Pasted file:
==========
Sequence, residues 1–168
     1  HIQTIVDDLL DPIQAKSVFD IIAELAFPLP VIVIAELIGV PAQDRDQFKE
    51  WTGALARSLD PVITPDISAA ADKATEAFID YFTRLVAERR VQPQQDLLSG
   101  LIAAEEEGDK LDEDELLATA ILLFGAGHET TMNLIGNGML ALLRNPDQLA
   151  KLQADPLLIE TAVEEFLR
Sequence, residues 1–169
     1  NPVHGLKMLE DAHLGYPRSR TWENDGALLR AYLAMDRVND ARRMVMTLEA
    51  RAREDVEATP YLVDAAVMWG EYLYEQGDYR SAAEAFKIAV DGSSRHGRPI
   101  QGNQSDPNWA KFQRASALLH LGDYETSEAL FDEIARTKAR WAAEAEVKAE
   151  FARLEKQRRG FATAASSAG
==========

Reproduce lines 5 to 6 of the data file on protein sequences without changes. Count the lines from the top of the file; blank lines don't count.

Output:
   151  KLQADPLLIE TAVEEFLR
Sequence, residues 1–169